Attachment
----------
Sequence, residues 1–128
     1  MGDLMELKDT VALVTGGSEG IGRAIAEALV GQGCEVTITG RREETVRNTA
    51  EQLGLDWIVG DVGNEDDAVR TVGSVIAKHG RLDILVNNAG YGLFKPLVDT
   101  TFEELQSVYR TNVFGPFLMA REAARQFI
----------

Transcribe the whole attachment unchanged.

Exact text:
Sequence, residues 1–128
     1  MGDLMELKDT VALVTGGSEG IGRAIAEALV GQGCEVTITG RREETVRNTA
    51  EQLGLDWIVG DVGNEDDAVR TVGSVIAKHG RLDILVNNAG YGLFKPLVDT
   101  TFEELQSVYR TNVFGPFLMA REAARQFI